I must admit there was a certain appeal in the BMA proposals to establish locality hubs which will help limit a GP to the 'safe' level of 25 consultations a day.
Trouble is once the dream of spending most of the week with your feet up or playing golf disappears and you return to reality, the nagging voices of reason and evidence start to make you question the concept.
Our current workload is about 34 consultations per GP per day. We use a bespoke physician assessment by telephone (PHAT) model, which supports both continuity and access. We even have evidence showing that we do make less good decisions after 24 patients.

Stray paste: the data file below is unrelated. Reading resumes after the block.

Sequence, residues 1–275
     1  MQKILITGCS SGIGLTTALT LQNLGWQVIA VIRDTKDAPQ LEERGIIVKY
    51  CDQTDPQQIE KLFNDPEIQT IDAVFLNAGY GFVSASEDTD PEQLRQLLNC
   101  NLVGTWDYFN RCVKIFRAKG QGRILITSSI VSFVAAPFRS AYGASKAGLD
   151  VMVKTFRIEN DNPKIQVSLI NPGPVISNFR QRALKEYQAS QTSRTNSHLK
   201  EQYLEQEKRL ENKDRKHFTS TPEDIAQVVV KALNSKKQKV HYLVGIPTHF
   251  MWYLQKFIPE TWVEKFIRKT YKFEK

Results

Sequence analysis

But who will see the 10 'extras' per GP per day that currently seek primary medical services? We can’t take a lesson from the airline business as we’re so often told, because their solution is to offer priority boarding for an additional charge.
And that's where the logic of the 25-a-day falls over, we need more GPs, less demanding patients, greater specialist support for long-term care and population-based health services and all this requires money and will take at least five years to sort out.
So 25-a-day will remain a nice idea, but the chances of making it into a reality are very slim.
- Dr Chris Mimnagh is a GP in Liverpool and co-director of clinical strategy at the NHS partnership organisation Liverpool Health Partners